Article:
On Tuesday March 9, 2009 San Francisco at Nixon Peabody, SDForum and Astia presented the latest installment of the Clean Tech Breakfast Series â€œGreen Buildings ? Design and Control Analysis?â€ Greg Oâ€™Hara of Nixon Peabody moderated panelists Michael R. D’Amour of Lumenergi, Matt Denesuk of IBM, Gary Dillabough of Westly Group and Scott Hublou of EcoFactor. They discussed the impact of Title 24 and market forces driving energy efficiencies in building.
Startups, major corporations and government agencies see the benefits of efficiently managing energy use with green software and hardware. The challenge is to make the best use of the data to design new or retrofit existing buildings.
Lighting is an obvious example to save energy. While designing a new building with lots of natural light is nice, most businesses are stuck with existing buildings that need illumination. Inefficient lighting creates heat, requiring more energy to cool a building. While fluorescent lighting is replacing incandescent lighting, a facilities manager might want to wait for cheaper more efficient LED lighting. Ironically the consumerism that is driving the sales of LED televisions is driving down the cost of LEDs for lighting.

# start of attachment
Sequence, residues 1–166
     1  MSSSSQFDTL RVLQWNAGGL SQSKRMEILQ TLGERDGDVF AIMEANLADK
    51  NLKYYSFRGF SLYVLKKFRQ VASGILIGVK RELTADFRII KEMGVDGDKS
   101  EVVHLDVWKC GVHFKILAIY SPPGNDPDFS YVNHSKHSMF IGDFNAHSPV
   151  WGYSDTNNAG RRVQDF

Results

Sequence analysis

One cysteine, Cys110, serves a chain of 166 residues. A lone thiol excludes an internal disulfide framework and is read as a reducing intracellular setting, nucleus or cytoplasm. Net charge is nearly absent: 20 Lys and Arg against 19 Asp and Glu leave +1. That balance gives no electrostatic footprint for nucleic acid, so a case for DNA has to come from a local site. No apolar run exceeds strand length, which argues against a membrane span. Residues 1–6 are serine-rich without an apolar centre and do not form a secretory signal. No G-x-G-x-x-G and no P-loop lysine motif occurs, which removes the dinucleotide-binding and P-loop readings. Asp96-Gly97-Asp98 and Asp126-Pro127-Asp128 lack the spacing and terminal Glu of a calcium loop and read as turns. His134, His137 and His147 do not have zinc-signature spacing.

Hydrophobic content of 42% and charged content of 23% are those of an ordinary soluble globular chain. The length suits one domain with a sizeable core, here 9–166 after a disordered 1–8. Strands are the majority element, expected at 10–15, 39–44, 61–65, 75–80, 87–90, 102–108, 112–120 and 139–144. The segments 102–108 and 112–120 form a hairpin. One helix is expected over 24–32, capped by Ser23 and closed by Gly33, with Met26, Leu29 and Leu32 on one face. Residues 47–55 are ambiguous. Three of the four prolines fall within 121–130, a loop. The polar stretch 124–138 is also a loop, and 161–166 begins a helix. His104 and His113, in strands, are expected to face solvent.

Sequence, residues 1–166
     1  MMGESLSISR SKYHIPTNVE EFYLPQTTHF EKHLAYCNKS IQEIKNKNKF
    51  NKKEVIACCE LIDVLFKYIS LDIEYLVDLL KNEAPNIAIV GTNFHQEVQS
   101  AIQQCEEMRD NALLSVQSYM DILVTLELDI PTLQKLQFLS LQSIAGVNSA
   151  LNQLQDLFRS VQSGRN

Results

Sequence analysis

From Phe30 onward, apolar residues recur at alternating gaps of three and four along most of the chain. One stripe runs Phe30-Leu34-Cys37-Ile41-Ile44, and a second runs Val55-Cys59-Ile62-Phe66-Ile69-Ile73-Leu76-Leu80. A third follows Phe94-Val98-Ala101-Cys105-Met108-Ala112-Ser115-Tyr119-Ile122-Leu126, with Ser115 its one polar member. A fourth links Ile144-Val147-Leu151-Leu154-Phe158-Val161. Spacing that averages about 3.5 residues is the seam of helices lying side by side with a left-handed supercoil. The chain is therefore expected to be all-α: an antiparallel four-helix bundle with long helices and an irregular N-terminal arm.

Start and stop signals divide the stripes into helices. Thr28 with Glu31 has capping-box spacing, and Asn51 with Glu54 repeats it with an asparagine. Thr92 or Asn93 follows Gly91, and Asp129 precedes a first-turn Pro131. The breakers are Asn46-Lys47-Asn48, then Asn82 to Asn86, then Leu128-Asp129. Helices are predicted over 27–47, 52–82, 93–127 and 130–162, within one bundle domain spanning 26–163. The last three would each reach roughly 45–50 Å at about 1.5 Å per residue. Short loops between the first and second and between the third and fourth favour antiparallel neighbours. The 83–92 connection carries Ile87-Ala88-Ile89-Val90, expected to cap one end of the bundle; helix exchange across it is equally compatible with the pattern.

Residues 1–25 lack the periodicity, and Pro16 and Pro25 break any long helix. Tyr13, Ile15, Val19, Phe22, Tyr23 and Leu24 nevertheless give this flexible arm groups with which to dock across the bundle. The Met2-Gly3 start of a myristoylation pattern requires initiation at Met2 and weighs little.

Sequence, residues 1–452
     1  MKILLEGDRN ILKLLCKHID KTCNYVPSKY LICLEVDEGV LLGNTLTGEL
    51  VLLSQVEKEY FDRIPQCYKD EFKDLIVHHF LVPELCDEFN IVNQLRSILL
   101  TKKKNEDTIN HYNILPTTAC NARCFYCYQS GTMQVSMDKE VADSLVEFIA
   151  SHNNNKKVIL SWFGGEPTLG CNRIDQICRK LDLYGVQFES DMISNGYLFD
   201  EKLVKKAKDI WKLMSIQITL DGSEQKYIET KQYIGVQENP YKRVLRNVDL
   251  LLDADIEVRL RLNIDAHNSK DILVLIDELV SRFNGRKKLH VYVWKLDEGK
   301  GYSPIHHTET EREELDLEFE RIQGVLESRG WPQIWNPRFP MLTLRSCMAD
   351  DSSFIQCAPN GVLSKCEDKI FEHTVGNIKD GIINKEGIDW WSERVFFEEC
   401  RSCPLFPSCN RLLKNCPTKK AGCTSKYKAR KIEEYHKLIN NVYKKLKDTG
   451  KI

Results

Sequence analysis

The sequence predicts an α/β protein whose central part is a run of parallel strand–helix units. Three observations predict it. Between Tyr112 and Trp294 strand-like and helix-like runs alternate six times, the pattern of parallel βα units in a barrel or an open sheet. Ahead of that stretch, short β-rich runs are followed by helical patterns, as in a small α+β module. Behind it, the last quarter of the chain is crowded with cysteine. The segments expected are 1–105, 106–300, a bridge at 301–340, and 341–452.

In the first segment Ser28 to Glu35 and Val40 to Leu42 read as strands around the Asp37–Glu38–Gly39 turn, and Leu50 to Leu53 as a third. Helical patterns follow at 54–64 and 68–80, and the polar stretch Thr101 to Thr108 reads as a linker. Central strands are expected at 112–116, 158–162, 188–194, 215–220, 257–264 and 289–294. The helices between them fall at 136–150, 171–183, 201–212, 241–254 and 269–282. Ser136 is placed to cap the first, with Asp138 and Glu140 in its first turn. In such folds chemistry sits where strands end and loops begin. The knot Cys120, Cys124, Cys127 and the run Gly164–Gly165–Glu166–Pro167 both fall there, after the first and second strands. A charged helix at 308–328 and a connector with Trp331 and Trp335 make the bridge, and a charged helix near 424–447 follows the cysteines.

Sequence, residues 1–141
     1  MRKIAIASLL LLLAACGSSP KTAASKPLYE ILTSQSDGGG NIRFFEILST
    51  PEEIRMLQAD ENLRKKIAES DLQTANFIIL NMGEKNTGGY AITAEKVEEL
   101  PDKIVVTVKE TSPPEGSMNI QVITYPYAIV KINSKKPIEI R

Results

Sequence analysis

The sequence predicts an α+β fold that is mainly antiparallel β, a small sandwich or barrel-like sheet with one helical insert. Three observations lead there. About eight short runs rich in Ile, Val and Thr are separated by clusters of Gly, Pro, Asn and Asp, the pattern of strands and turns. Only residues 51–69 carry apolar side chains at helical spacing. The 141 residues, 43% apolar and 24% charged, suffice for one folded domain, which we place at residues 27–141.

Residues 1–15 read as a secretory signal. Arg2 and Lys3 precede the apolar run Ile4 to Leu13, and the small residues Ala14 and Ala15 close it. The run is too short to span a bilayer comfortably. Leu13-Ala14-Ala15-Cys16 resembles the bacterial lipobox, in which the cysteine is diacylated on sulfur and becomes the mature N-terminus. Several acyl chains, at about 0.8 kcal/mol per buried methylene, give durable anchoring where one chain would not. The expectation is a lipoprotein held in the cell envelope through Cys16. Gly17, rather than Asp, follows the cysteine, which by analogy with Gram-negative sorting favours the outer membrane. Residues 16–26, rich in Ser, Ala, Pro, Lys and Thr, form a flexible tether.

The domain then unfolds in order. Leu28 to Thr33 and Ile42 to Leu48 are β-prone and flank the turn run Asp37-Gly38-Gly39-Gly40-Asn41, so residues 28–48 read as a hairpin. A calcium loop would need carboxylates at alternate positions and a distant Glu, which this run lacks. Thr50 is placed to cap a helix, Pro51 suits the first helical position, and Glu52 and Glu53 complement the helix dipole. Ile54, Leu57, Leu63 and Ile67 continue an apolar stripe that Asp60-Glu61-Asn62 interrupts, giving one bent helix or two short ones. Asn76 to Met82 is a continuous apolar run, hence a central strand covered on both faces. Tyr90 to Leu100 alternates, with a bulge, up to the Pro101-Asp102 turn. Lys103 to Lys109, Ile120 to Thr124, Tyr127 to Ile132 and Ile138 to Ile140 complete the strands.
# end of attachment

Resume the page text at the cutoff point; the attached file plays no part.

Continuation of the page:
Efficiencies can scale for large organizations. If a large restaurant or convenience store chain has a large number of identical buildings, small improvements in efficiencies can be multiplied across the chain resulting in huge savings. Recently the Empire State Building began installing energy efficient windows and expects to save over $400,000 per year. While government mandates may create technical parameters for conservation, it is the bottom line cost reductions that really drive energy efficiency for business.
Even at the small business or residential level managing efficiencies can reap big results. Accurate local measurement of usage gives enough feedback to change behavior. Being able to dim a light bulb or adjust a thermostat is good. Being able to turn off a light or open a window using no energy is even better. Dimming a light may lead to a brighter future. Opening a window may open a door to opportunity.
Copyright 2010 DJ Cline All rights reserved.